This project is located on top of a remote mesa in far north Queensland in outback Australia.
It was created as a visitor centre for people to witness first-hand one of the world’s most significant and cohesive dinosaur collections and it is remarkable for two reasons.
The first is its gestation. Twelve years ago, a cattle grazier David Elliott accidentally stumbled on 100 million year old dinosaur fossils while mustering cattle. Since then, he has become Australia’s leading palaeontologist who has engaged Winton’s whole community in the excavating, assembly and conservation of large dinosaurs. Through these operations, Winton’s fragile farming economy has been transformed.
The second is its making. So enthralled were we by the phenomenon, we agreed to design it pro-bono, with the Elliott family and community to build it. They asked only that the Centre captures the essence of the ancient landscape and entices visitation by its forms and spaces.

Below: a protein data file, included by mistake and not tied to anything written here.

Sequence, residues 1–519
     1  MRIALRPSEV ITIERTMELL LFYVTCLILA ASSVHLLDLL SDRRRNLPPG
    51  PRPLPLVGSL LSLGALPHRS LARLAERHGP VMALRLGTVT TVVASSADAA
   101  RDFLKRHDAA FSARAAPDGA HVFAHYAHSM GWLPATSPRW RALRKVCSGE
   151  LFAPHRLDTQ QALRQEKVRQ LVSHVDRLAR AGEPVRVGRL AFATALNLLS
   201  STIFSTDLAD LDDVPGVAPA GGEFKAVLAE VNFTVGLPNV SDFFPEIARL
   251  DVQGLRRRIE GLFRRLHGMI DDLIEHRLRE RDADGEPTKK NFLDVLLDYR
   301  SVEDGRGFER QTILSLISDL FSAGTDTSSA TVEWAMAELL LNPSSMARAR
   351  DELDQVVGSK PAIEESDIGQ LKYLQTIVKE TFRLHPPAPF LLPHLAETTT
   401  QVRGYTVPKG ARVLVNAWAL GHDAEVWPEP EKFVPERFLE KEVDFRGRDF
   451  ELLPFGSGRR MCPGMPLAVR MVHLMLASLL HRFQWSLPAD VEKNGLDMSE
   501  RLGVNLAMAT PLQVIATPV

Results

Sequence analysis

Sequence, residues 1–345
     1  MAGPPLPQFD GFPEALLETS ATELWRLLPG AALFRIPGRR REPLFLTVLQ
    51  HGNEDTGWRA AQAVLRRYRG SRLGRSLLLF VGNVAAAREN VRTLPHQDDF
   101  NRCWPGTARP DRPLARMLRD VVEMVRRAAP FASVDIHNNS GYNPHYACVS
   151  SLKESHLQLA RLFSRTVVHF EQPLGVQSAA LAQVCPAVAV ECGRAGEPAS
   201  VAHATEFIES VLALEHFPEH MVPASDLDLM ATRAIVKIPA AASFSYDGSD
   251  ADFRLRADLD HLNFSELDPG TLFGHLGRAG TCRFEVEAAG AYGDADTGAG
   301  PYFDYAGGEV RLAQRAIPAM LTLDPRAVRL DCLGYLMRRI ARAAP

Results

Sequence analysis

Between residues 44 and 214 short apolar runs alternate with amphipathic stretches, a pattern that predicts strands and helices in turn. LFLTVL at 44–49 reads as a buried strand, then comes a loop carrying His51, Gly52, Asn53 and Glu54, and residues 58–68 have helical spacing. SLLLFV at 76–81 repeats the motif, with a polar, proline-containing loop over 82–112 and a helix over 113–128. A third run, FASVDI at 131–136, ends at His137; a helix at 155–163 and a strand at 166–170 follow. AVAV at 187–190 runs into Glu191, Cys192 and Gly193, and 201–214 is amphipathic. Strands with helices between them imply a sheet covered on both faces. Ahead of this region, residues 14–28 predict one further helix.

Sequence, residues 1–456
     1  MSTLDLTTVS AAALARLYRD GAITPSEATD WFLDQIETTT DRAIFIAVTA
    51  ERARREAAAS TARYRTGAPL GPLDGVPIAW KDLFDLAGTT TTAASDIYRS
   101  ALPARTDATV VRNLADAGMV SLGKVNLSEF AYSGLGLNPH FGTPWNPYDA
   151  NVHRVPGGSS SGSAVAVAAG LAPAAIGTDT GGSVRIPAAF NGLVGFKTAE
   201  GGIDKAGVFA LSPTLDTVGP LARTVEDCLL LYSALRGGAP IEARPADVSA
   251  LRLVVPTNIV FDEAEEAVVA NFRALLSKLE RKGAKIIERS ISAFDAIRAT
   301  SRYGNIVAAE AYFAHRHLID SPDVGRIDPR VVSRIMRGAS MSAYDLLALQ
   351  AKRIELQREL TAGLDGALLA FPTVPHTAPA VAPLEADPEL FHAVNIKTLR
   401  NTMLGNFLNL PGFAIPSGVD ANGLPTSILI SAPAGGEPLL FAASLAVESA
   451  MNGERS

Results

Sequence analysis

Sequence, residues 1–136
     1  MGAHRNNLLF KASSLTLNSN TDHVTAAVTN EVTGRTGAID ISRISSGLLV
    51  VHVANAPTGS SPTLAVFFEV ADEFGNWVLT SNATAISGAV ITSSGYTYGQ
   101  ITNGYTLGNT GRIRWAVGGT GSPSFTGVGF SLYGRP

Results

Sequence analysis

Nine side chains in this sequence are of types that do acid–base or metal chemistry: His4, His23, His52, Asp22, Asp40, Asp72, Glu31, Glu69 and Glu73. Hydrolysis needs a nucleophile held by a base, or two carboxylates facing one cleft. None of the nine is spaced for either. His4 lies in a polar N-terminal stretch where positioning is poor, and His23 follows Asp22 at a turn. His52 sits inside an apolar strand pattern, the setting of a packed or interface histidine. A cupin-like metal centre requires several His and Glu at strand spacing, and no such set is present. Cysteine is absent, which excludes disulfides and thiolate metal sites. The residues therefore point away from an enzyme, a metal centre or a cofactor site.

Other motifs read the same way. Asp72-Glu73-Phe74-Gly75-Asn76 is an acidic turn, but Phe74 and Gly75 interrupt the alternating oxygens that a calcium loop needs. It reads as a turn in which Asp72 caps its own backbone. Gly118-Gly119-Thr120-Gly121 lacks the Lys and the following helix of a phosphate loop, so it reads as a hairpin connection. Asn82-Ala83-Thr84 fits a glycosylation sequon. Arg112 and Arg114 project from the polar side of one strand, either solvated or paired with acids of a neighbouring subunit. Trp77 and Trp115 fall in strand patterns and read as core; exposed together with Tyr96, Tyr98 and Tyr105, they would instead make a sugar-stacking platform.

The building is designed to unfold from the mesa, tapering back down to it. It is composed of only two materials – multiple large interlocking precast concrete panels imbued with the texture and colour of the red earth, and hand-made perforated iron screens.
The architecture is inspired by the site’s deep rock fissures. Its plan is a journey from a narrow entry aperture to a spatial sequence that fans out to embrace the alluvial dinosaur plane below.
Through this project, we evolved a new Australian architectural ethos of evolving from the landscape.
- Technical Information
- Cox Team
State Award for Public Architecture, AIA QLD 2013
Queensland State Award, CCAA 2013
Kevin Cavanagh Medal for Excellence in Concrete, CIA 2013
Shortlisted in the World Architecture Festival 2012